Because I live their most of the year, and have for the past 2?

Oh, you poor, poor man.

Precisely what is so bad about Wales?

Honestly, you church burnin' ebola boys are beyond the pale.....

Oh nothing...except Catherine Zeta Jones married an American sex fiend...I rest my case.

--------------
The conservative has but little to fear from the man whose reason is the servant of his passions, but let him beware of him in whom reason has become the greatest and most terrible of the passions.These are the wreckers of outworn empires and civilisations, doubters, disintegrators, deicides.Haldane

   
Louis



Posts: 6436
Joined: Jan. 2006

(Permalink) Posted: Aug. 09 2007,11:52   

Quote (IanBrown_101 @ Aug. 09 2007,17:17)
Precisely what is so bad about Wales?

You can't fool me, I've been there.

Quote
Honestly, you church burnin' ebola boys are beyond the pale.....

Well OBVIOUSLY! Hey wait...beyond the pale...are you saying I'm black?

HATE CRIME!!!!!

Welsh AND a racist!

BAN HIM!!! BAN HIM!!! BAN HIM UNTIL IT REALLY HURTS!!!!

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Bye.

  
JohnW



Posts: 2825
Joined: Aug. 2006

(Permalink) Posted: Aug. 09 2007,14:26   

Quote (Louis @ Aug. 09 2007,11:52)
Quote (IanBrown_101 @ Aug. 09 2007,17:17)
Precisely what is so bad about Wales?

You can't fool me, I've been there.

Me too.  I spent ten years there one summer.

--------------
Math is just a language of reality. Its a waste of time to know it. - Robert Byers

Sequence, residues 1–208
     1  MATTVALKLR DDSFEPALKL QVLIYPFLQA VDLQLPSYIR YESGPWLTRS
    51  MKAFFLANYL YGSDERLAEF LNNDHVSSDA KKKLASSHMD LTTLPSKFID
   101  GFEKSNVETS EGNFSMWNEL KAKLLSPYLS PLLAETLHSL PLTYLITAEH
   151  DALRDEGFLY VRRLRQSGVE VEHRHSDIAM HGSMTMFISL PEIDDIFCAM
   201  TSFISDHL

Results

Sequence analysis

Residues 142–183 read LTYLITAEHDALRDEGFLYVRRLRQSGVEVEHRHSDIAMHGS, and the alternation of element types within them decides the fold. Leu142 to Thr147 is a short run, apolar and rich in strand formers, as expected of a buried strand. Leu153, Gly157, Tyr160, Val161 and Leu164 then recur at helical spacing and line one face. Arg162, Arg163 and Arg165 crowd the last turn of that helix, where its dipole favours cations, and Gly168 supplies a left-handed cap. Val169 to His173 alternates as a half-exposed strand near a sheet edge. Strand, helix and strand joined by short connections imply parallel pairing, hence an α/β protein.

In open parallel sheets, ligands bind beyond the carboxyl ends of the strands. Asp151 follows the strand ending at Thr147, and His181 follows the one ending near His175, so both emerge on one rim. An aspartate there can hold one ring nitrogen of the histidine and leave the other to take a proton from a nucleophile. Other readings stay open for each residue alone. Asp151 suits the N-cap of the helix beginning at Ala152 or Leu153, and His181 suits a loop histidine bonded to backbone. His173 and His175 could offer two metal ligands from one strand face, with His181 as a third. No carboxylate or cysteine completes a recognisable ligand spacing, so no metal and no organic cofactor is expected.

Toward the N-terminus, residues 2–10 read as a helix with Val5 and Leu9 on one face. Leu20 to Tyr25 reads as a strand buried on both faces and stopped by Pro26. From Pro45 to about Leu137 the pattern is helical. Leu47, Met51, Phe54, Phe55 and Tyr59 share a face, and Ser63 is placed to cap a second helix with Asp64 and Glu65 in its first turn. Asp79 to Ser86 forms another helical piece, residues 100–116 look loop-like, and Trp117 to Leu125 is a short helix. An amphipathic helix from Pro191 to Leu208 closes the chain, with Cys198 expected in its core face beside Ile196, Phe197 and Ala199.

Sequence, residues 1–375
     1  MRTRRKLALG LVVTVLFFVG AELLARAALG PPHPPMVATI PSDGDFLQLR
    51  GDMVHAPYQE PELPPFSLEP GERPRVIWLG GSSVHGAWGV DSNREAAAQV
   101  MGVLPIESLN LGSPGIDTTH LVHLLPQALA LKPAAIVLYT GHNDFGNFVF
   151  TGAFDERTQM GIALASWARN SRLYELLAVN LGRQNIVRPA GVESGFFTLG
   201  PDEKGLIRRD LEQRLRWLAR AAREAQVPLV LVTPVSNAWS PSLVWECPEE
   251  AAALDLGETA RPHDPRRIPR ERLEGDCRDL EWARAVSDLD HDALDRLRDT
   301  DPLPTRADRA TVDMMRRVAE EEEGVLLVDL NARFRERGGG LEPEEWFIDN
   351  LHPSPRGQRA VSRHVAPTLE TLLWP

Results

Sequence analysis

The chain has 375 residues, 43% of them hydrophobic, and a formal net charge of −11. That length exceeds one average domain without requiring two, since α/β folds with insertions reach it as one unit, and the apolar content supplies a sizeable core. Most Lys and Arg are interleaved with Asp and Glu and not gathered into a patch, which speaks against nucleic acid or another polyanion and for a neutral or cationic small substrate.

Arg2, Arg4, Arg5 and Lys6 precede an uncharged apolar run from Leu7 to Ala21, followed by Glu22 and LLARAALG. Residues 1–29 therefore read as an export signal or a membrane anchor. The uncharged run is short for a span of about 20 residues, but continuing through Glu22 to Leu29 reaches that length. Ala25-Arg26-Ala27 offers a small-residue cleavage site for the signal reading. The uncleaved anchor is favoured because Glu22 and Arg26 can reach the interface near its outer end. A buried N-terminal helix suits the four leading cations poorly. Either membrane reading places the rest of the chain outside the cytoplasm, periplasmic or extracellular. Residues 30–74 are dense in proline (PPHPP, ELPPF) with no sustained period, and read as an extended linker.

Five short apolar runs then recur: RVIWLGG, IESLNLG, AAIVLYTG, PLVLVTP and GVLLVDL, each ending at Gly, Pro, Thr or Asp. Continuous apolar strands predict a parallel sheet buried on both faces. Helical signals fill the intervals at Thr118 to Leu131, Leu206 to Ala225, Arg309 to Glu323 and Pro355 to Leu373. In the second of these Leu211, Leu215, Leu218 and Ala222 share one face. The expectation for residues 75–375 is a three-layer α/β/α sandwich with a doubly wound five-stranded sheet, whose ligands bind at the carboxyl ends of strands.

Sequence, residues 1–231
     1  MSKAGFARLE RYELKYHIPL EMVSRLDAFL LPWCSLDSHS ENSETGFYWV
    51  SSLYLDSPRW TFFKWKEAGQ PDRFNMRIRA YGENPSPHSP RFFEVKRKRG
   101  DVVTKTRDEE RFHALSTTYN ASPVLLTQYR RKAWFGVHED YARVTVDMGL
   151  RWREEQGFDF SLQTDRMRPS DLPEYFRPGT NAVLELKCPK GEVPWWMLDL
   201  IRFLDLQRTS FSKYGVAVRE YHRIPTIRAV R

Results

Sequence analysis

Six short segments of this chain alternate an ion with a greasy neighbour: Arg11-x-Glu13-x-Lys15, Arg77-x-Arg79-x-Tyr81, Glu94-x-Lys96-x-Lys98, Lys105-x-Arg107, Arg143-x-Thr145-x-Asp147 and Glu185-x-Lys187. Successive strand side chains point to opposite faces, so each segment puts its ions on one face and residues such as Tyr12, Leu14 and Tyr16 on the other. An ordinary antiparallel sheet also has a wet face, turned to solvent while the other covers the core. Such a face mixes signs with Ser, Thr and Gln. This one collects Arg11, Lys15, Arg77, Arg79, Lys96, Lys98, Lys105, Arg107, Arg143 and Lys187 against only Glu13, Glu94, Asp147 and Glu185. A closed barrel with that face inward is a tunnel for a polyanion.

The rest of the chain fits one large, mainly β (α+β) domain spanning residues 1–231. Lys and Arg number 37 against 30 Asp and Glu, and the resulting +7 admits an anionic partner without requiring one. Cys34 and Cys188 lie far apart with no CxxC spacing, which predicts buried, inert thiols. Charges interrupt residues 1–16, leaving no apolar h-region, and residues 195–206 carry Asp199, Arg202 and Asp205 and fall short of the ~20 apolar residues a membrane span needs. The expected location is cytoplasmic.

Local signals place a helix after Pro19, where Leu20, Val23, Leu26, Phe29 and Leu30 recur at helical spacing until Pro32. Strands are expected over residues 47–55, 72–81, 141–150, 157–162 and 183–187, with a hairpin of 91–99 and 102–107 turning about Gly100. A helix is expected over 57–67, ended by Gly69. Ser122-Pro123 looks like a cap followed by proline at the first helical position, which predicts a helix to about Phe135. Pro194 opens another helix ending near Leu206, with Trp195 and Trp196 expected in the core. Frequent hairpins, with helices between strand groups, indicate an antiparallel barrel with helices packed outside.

There isn't any probability that the letter d is in the word "mathematics"...  The correct answer would be "not even 0" - JoeG

  
Louis



Posts: 6436
Joined: Jan. 2006

(Permalink) Posted: Aug. 09 2007,16:43   

There was quite a serious earthquake in Cardiff last year. It did 10 million pounds worth of improvements.

Thankyew. Try the fish, I'm here all week.

Louis

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Bye.

  
"Rev Dr" Lenny Flank



Posts: 2560
Joined: Feb. 2005

(Permalink) Posted: Aug. 09 2007,16:52   

Quote (k.e @ Aug. 09 2007,09:42)
Next you'll be having Catherine Zeta Jones nude with a daffodil poking out of her posterior.

(raises hand)

I wouldn't mind seeing that.


:)

--------------
Editor, Red and Black Publishers
www.RedandBlackPublishers.com

  
Louis



Posts: 6436
Joined: Jan. 2006

(Permalink) Posted: Aug. 10 2007,04:57   

Quote ("Rev Dr" Lenny Flank @ Aug. 09 2007,22:52)
Quote (k.e @ Aug. 09 2007,09:42)
Next you'll be having Catherine Zeta Jones nude with a daffodil poking out of her posterior.

(raises hand)